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Four Color Politics

Mainly the Quotes of the Morning, with occasional Other Crap.

Thursday, January 25, 2007

Quotes of the Morning: Plugging Into the Decider

“I give up. I wanted to talk about the State of the Union, but it just wasn’t that fun. It was a professional speech and lacked that off-the-cuff manner for which Fearless Leader is so well known. Luckily yesterday he followed it up by speaking to DuPont.”
-Skippy


“One, dependence on oil provides an economic and national security risk, a problem that this country better start dealing with in a serious fashion now, before it becomes acute. And second, we've got to be wise stewards of the environment, and dependency on oil makes it harder to be wise stewards of the environment.”
-George ‘Dubya’ Bush, January 25, 2007

“Please remember this point: We need to have energy independence in order to help the environment. Oh, and that dependence on oil is a national security risk. By Fearless Leader’s logic that means he doesn’t need to listen to Congress about energy because the President’s job automatically allows him to do what he needs to do to fight national security risks.”
-Skippy


“Secondly, if you're dependent on oil overseas, it means that -- and a hostile regime, a regime hostile to the United States produces that oil, you become vulnerable to the activity of a hostile regime. In other words, somebody doesn't like us, they produce the oil, they decide to do something about it, they can affect us. That's -- when I talk about the national security risks, that's what I mean. In other words, you don't want your President sitting in the Oval Office worried about the activities of a hostile regime that could have all kinds of impacts on our security, starting with economic security.”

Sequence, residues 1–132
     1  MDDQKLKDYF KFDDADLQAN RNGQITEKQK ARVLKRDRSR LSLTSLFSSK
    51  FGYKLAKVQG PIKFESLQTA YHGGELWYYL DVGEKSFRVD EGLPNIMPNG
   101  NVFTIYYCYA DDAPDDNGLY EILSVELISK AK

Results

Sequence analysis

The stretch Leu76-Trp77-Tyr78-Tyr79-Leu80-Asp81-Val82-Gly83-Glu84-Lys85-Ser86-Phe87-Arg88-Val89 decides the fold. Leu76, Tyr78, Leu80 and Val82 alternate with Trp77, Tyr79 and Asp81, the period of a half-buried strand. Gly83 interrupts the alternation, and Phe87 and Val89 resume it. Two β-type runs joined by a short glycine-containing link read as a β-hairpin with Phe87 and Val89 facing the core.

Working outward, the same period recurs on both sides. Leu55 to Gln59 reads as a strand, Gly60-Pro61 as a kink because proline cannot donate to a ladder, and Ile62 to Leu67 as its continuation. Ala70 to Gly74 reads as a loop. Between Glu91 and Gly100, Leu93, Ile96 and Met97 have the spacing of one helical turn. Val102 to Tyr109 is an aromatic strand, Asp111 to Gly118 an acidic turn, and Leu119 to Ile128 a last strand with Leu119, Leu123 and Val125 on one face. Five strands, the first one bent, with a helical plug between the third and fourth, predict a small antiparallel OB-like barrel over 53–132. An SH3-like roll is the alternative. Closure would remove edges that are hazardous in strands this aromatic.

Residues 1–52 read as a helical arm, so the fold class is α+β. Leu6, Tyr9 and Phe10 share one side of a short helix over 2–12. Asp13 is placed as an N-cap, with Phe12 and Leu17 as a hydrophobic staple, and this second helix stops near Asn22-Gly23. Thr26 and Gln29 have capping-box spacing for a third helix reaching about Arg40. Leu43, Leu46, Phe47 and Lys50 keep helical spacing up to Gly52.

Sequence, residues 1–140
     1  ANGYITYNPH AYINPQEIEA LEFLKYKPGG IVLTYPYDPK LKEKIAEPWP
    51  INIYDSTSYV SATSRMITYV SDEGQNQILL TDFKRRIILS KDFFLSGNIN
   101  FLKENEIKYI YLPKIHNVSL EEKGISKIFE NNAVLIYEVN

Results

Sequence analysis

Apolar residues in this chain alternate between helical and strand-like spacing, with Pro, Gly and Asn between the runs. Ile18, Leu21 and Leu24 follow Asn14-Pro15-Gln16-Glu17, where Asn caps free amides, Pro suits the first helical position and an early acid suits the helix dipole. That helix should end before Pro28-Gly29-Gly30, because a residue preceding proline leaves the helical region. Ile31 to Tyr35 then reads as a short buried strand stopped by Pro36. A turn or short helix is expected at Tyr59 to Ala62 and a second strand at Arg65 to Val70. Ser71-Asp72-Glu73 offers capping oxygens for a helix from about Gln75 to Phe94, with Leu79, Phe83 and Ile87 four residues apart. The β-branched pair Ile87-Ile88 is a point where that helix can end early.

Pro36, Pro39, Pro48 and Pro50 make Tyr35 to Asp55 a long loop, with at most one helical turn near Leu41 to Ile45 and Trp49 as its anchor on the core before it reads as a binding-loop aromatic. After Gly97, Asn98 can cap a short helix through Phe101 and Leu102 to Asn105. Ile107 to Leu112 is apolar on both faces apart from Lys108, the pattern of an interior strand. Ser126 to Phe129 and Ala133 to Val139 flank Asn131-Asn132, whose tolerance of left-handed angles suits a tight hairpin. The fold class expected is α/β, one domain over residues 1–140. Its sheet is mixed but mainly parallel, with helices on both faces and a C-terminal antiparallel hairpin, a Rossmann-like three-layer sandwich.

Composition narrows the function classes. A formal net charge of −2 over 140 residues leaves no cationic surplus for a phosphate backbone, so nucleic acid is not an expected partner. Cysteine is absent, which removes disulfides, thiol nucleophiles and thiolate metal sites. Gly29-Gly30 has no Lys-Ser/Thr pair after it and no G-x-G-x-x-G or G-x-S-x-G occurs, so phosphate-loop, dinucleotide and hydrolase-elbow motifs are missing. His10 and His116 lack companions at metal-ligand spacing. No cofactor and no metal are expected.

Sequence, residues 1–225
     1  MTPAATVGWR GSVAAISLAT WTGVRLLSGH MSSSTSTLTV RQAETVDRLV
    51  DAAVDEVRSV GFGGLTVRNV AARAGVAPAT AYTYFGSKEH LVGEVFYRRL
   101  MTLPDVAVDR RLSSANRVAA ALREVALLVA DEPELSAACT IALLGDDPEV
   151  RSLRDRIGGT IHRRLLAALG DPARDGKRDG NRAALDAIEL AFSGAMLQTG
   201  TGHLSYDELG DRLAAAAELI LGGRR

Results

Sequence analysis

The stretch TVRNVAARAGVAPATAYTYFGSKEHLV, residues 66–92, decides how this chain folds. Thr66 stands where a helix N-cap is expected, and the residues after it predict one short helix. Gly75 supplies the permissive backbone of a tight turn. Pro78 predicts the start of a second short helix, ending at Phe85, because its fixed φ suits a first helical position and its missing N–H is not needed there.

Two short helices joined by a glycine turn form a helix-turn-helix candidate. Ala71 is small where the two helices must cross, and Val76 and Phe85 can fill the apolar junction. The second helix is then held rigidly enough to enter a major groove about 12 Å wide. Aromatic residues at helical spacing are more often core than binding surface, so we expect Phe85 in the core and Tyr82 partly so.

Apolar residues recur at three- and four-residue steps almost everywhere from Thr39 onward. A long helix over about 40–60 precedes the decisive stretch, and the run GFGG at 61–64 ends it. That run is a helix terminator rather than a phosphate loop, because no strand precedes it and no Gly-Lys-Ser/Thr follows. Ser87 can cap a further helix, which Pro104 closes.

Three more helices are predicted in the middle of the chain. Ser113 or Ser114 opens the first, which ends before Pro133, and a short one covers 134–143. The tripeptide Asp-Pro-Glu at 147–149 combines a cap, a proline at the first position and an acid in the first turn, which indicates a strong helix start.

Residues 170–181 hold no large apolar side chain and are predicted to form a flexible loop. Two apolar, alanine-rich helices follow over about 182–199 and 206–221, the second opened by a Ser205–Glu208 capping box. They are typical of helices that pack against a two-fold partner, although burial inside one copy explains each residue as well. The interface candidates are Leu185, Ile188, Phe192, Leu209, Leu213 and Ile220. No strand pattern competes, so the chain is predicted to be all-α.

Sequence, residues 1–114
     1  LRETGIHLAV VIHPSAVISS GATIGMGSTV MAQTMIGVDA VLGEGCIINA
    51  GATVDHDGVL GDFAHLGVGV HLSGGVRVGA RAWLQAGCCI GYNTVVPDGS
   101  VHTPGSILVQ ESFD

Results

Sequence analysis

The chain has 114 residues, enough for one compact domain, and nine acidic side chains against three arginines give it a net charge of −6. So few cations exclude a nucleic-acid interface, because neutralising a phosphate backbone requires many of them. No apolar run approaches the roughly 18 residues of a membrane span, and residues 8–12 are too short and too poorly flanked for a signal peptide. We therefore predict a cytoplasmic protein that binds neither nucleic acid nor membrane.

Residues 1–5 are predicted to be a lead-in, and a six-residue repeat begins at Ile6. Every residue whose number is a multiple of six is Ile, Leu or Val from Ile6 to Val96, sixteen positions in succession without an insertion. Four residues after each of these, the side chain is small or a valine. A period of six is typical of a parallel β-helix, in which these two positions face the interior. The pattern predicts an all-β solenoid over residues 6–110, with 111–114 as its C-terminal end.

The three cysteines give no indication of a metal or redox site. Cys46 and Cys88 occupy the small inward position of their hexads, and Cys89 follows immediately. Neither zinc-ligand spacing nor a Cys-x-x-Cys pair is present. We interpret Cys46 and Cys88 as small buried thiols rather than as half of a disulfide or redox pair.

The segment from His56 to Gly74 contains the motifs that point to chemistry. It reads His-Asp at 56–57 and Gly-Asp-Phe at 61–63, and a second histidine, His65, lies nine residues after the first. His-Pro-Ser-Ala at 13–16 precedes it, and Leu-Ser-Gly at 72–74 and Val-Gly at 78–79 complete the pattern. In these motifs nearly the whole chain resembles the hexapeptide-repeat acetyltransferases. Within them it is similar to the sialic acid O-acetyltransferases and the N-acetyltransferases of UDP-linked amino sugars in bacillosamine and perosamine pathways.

-George ‘Dubya’ Bush, January 25, 2007

“Yes. Energy dependence = terrorism, and my biggest concern is that I don’t want Fearless Leader to sit around worrying.”
-Skippy


“Dependence on oil, as well, means that if a terrorist were able to destroy infrastructure somewhere else in the world, it's going to affect what you pay for at the gasoline pump. In other words, as we learned, the terrorists attacked us in brutal ways; they attacked us by flying airplanes into our buildings.”
-George ‘Dubya’ Bush, January 25, 2007

“Yes! They could destroy a pipeline, and that would raise the price of gasoline. I’m terrified already. Exactly like 9/11.”
-Skippy


“Let me just share a couple of things that we're doing. One, we're spending a lot of your money on clean coal technology. The reason why is we've got a lot of coal.”